The most important piece of EU climate law you’ve never heard of
The delegated act that will define renewable hydrogen and e-fuels
Delegated acts are supposed to be technical pieces of legislation. To write detailed rules that would be difficult to negotiate between 751 European Parliament members and 27 countries the European Parliament and the Council can delegate some powers to the European Commission to come up with.
But of course, as the expression goes, the devil is in the detail! Delegated acts are often an opportunity for industry lobbyists to hollow out the broad principles that elected European lawmakers agreed on.
And we are seeing this again with hydrogen, or in the jargon of the EU’s green fuels law, Renewable Fuels of Non-Biological Origin (aka RFNBOs).
Whether or not renewable hydrogen or e-fuels like e-ammonia can qualify as a RFNBO is a world of difference. The Commission has proposed targets that will require scaling up the production of these RFNBOs, setting targets for their use in the transport sector. For example, to decarbonise the aviation sector, the Commission has proposed to mandate the use of e-kerosene by airlines. If the e-kerosene qualifies as a RFNBO, producers can be sure that there will be a demand for their product. Without that seal of approval, it is unlikely that a project will ever be able to get off the ground. Excuse the pun.
The Renewable Energy Directive is reasonably clear that hydrogen or efuels can only qualify as RFNBOs, if they are produced with additional renewables. In other words, fuel producers cannot rely on existing renewables; they need to deploy or finance new wind and solar capacity (e.g. by concluding a Power Purchase Agreement).
This is relatively straightforward to check. If an electrolyser is directly connected to a new solar or wind farm we can clearly see if increased demand is being met with renewables. However, things get a lot more complicated when the renewable electricity is sourced from the grid, where coal and gas as well as nuclear also produce electricity. The European Commission has proposed a set of rules to ensure that RFNBOs are only produced when the contracted wind or solar is actually generating electricity.
Unfortunately, the hydrogen and e-fuels industry have been successful in undermining how the delegated act applies this additionality principle as enshrined in the Renewable Energy Directive. Following a last-minute change of heart, the Commission decided to exempt all hydrogen and e-fuels production that starts before 2027 from having to contribute more renewables to the grid. And this exemption lasts for as long as these units keep operating!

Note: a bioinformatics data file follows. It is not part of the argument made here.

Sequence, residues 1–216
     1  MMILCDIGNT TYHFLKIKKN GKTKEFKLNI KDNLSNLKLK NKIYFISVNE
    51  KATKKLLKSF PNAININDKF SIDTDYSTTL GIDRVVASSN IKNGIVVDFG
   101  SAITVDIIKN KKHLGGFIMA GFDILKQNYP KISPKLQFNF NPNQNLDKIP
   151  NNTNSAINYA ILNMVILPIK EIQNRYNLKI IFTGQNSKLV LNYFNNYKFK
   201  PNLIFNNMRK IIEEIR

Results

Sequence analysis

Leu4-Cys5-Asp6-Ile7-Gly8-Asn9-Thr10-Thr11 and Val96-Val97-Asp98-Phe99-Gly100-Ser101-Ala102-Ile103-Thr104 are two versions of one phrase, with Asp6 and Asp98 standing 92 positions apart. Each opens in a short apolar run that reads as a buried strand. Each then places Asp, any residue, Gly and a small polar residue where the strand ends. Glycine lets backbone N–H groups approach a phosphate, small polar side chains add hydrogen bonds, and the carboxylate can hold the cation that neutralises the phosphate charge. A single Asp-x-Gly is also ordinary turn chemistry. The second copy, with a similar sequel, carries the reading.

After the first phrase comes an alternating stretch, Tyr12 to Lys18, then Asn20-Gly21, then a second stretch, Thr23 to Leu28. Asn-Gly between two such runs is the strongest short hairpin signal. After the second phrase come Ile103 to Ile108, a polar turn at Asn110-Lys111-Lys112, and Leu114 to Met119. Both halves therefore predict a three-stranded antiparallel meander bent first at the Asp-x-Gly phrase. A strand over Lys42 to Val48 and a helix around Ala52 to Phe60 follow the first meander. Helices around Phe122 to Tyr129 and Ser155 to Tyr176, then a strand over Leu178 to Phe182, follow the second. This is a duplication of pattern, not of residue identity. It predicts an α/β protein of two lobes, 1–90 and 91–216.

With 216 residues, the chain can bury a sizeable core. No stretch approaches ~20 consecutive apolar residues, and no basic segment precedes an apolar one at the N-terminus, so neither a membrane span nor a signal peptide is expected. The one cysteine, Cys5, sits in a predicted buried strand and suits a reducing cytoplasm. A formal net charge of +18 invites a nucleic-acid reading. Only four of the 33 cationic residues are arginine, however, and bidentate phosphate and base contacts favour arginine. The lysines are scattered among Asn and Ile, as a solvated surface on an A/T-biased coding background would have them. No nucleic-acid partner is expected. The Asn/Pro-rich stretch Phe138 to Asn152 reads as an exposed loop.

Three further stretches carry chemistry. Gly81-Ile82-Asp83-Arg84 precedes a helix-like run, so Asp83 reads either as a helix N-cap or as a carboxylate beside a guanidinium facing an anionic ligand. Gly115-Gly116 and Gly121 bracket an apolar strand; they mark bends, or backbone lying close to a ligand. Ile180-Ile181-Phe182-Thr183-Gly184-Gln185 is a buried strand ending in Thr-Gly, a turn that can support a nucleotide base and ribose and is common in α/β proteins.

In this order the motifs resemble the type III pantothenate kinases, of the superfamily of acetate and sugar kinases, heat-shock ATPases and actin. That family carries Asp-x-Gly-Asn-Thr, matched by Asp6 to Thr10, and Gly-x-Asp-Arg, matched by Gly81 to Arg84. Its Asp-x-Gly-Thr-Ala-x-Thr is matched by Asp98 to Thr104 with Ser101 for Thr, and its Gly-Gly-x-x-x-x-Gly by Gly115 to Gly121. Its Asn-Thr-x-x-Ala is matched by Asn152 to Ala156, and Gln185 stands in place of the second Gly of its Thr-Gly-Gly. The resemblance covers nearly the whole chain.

This would be bad enough, but the Commission adds insult to injury. It not only relaxed the sustainability criteria for these RFNBOs, but also more than doubled its 2030 target for hydrogen and e-fuels, following the Russian invasion of Ukraine. The 10 million tonnes of green hydrogen to be produced in the EU will require more than all onshore and offshore wind power in the EU. This is equivalent to the electricity consumption of France.
Where did we see this before? Biofuels! High targets were set in the early 2010s and for the better part of a decade, the EU did its utmost best to ignore ‘the inconvenient truth’ that biofuels caused large-scale rainforest destruction.
One would think that the Commission would remember the lessons learnt, when starting to promote another type of renewable fuel. Especially in the context of record-high electricity prices, where households and businesses struggle to pay their energy bills.
Diverting a lot of existing wind and solar away from their most efficient use in electric vehicles and instead producing hydrogen and e-fuels with them is not sound policy-making. The shortfall that renewables can no longer cover will largely be met with mostly gas-fired power plants.
T&E’s demands are clear. As the nascent hydrogen industry estrablishes itself, some flexibility will be needed during an initial ramp-up phase. However, by completely exempting the early movers from additionality, the Commission is giving away the store. In this proposal, the nascent hydrogen and efuels industry gets high targets and ample subsidies, but only has to deliver greenwashed rather than green hydrogen and efuels. Just like with biofuels, we say clearly #notinmytank!